A riveting season of television has been completed. The Outsider will have its critics but I am not one of them. The pace might not have been what we’re accustomed to and the show certainly played by its own rules but there’s nothing wrong with that. It told its story the way it wanted to and that included a satisfying conclusion that could both serve as an ending or merely the ending of a chapter. With that being said, let’s get into The Outsider S1E10, “Must/Can’t”.
The episode picked up where the previous week left off with the shoot out in the woods, right outside of Bear Cave. The Outsider was many things between its supernatural, thriller and police procedural elements and here, we added an intense action element. The shoot out captured a feeling of unpredictability and genuine concern over who all could wind up being a part of the overall body count. As a viewer, I didn’t expect Ralph or Holly to be killed here but everyone else felt like fair game and that feeling made for a tense, edge-of-your-seat television experience. After Andy’s death, Holly walked out in the middle of danger, almost knowing that she wouldn’t die. Sitting here a few days after this episode aired, I feel more curious about this than anything else. She knew that the shoot out was about to end, and that Jack was about to die. More on this later.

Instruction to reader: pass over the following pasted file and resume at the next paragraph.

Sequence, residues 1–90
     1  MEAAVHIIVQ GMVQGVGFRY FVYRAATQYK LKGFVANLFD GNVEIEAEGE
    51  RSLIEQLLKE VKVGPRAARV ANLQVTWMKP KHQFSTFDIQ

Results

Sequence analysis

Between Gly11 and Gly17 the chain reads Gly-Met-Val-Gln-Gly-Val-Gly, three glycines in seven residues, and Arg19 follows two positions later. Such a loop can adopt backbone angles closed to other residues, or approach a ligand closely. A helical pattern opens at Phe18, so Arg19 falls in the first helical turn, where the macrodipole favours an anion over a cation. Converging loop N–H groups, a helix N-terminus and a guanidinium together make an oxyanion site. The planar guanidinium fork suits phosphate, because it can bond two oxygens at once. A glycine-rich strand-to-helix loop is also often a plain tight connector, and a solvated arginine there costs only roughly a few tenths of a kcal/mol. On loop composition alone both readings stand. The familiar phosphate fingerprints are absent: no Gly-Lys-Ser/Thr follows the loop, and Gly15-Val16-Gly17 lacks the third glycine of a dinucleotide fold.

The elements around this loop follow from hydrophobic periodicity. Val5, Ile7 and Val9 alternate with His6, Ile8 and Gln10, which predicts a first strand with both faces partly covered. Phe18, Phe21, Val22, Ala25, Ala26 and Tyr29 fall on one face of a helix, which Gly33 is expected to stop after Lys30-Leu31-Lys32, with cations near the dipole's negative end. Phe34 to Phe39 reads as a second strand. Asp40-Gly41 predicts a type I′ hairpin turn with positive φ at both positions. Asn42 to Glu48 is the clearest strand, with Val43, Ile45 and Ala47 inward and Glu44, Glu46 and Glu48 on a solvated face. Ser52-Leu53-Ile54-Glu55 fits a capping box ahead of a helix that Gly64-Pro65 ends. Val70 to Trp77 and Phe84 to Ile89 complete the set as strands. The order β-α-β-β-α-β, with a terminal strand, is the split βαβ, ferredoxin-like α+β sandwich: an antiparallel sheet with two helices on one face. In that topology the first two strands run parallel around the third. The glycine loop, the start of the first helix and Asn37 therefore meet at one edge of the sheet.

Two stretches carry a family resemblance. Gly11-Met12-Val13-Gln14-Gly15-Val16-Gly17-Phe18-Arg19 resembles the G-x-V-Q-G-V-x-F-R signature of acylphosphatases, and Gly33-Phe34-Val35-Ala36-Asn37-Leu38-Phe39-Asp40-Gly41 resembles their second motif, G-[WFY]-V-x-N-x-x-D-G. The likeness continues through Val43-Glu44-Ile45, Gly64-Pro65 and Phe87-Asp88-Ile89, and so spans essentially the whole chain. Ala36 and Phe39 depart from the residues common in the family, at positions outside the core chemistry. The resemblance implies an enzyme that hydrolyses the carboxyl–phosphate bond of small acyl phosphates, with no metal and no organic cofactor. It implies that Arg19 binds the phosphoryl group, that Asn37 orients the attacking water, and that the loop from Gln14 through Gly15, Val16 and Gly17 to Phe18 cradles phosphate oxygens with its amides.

Jack, while shooting down people he was co-workers with just a few days ago, was obviously still battling the presence inside him. Jack didn’t want to do this—he was being forced to do this. When he saw Holly, he stopped. Did Jack’s humanity take over here or was he being released? Was “El Cuco” cutting his tie with Jack and sending the snake to finish Jack? I tend to think the sight of Holly and her fearlessness as she walked out in the line of fire was so intriguing to El Cuco that he was done with his old toy and ready for something better.
We finally entered the cave, with Ralph and Holly, and it was here that the show really played to its strengths. The Outsider was at its best when the show was creating a mood. The show did an excellent job of reserving certain musical cues for the creepiest of moments, complete with the dimmest of lighting and sparse dialogue. As we followed Ralph and Holly in the cave, the moment felt important. The story, while not traditional and often plodding, had led us to this showdown, and here in the finale, this showdown was treated with the importance it deserved. Of course when El Cuco finally spoke to them, all bets were off.
The actual face to face between the Ralph and Holly and the monster they had been hunting all year long was also handled well. This is a scene that easily could’ve been ridiculed by viewers had too much or not enough been said. The balance was right, with Holly asking the questions we at home also wanted to know and Ralph still on the defense. The dynamic here between El Cuco and Holly was instantly captivating. When he asked her why it was so easy for her to believe in him, it was a genuine curiosity, almost like she made no sense to him. The monster wanted to know more about the woman hunting him, which plays into the discussion earlier about him stopping Jack before discarding him.